Follow this formula and make the equity conversation about each founder’s value, contribution, and commitment level.
Let’s split the equity equally.
That way it’s “fair,” and we’re equal partners.
What do you say?
Nearly 40 percent of startup teams spend a day or less agreeing on their equity, Harvard Business Professor Noam Wasserman found, who studied high-stakes decisions at more than 6,000 startups over the course of 15 years. Of those, an overwhelming amount split their equity evenly.
“A quick, even split suggests that the founders don’t have the business maturity to have a tough dialogue”
— Noah Wasserman
Whether because of avoidance, too much optimism, or lack of knowledge, founder teams that split their equity by default were also found, per Wasserman’s research, to have triple levels of unhappiness within their teams.
Which begs the question why?
It all comes down to fairness.
Over time, different work styles, personalities, and issues around contribution emerge. One founder may be putting more hours in, or another may be contributing more capital, which cause questions around the equity split to pop up.
Is it still fair?
If I am working 60 hours a week, but my co-founder is only putting in 40 hours, I deserve more.
I’m more committed. I should be the one making any final decisions for the company.
For founders, the equity split also helps determine decision-making power.
An even split means that the founders will need consensus. If questions pop up around the fairness of the equity split, and the founders are unable to resolve these issues, impasses and the inability to move forward can negatively impact the company. Resentments build, frustrations rise, and the team becomes dysfunctional.
That’s why how you decide equity early-on will have a lasting impact on the co-founder dynamic and the company.
Increase the startup’s chances of success by taking these questions into account when having your equity allocation conversation.
Who has experience running a business?
Any previous business experience a founder has in building a company should be given more weight when dividing equity.
Building a startup is difficult work, and any prior experience fundraising, connections to investors, creating an MVP, or scaling a product are invaluable assets that increase the startup’s chances of success.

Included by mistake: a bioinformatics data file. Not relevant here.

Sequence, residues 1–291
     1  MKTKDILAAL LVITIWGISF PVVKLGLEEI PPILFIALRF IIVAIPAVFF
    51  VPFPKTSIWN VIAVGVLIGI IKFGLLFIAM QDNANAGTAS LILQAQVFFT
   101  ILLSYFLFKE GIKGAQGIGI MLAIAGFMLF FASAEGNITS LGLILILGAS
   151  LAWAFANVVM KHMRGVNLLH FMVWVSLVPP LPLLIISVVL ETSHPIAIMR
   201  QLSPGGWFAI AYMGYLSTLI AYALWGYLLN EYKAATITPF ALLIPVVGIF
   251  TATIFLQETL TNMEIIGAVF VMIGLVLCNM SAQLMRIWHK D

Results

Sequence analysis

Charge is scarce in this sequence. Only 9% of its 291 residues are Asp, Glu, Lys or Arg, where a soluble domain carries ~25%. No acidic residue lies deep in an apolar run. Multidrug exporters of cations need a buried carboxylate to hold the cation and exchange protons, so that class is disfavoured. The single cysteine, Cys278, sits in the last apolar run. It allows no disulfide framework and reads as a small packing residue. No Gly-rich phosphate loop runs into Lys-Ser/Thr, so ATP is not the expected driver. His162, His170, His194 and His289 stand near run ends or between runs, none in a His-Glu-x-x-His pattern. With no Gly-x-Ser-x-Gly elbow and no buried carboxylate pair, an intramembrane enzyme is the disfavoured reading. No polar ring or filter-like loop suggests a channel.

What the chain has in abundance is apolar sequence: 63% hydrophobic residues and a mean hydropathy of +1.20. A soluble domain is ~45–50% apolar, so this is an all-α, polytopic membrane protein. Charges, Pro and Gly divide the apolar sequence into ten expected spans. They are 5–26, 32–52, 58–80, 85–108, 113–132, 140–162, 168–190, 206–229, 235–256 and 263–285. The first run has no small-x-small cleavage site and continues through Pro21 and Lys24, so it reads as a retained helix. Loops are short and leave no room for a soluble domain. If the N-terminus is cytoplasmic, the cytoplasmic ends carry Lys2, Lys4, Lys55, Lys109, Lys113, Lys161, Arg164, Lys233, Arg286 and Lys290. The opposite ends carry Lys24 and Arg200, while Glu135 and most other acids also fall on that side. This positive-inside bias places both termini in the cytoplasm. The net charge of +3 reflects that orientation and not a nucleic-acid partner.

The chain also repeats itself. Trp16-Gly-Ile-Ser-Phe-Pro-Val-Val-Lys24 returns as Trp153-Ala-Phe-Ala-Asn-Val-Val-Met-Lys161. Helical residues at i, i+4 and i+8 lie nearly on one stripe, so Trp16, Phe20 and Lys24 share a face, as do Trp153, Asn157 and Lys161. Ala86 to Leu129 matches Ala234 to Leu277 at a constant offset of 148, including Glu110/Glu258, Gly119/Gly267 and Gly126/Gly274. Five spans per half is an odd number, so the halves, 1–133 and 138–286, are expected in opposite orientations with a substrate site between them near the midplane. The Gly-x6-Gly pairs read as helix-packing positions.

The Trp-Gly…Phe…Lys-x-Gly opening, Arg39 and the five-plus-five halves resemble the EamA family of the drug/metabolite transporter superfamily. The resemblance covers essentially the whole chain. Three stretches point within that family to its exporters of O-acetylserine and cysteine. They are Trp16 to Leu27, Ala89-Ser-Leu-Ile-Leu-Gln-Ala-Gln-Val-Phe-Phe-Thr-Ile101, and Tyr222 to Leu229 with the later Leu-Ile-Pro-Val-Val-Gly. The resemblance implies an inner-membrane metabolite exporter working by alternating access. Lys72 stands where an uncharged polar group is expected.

For most first-time founders this is a tough sell. The other non-business or non-technical founders will see this as unfair and the idea person, if not the person with prior business experience, will believe that the idea is worth more.
“…[T]he “idea person” insists that the idea is 90% of the value (and 90% of the equity). In the real world, the “idea” is a very small part of the overall equation. A startup is all about “execution” — meaning the equity should be allocated based on the value that each partner brings to the table.”
— Martin Zwilling
The idea is only part of the equation; being able to execute on it is much more critical.
Take for example Myspace and Facebook. These two similar social networking sites each executed their ideas differently. Facebook accomplished it better, building a series of features that kept it dominant in the social media space, whereas Myspace didn’t and faded into obscurity.
For that reason making sure the startup has the resources and capital to grow, and execute on the idea, is ultimately why the business founder should be allocated more equity.
Remember, if a startup fails because the business didn’t grow and execute, 50% of nothing is zero.
What value is everyone bringing to the table?
As you work through the equity allocation conversation, the question of value will repeatedly pop up.
What is everyone bringing to the table?
How will everyone contribute to the startup’s success?
What skills are more valuable than others?
However the conversation goes, these questions help determine what cash and non-cash contributions each founder is bringing to the startup.
Depending on the founder team, each of these contributions will have a different weight.
Pro Tip: Issue convertible debt or a series seed preferred stock for any initial capital contributions, treating it the same way you would a seed investor.
The value of each of these contributions will determine the level of commitment you need from each founder.
What is everyone’s commitment?
Is everyone in it for the long-haul?
Will we all work on this full-time or is this a side gig?
What happens to our equity if our commitment level increases, decreases, or one of us leaves?
Enthusiasm will be high when you first start. Everyone will be fired up to want to work. However, over time this can change. Funding isn’t coming in. The MVP is taking longer to build. Resources are starting to running dry.
Take for example the following:
A founder has taken sweat equity instead of a salary. He doesn’t have a stable source of income, and after about a year and a half, the startup still isn’t bringing in any stable revenue. The founder is getting discouraged. There’s hope in a seed financing round, but he thinks that the stakes are too high and may be time for him to leave. He wants to retain his equity. What would you do?
This situation is pretty standard, which is why it is essential to be upfront about commitment (and be clear as to what happens when someone leaves).
Pro tip: Whatever distribution you decide upon, make sure the founder’s shares vest over a period of time (usually four years) and include clear guidelines within the partnership agreement for what happens to a founder’s share should they quit, are forced out, or leave voluntarily.
It just doesn’t make sense to give a bigger share to a founder who is only half committed, will leave after a year or two, or has a lower level of risk.
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Get clear on each founder’s commitment level, make sure their equity shares vest over time, and how everyone will deliver on their commitment.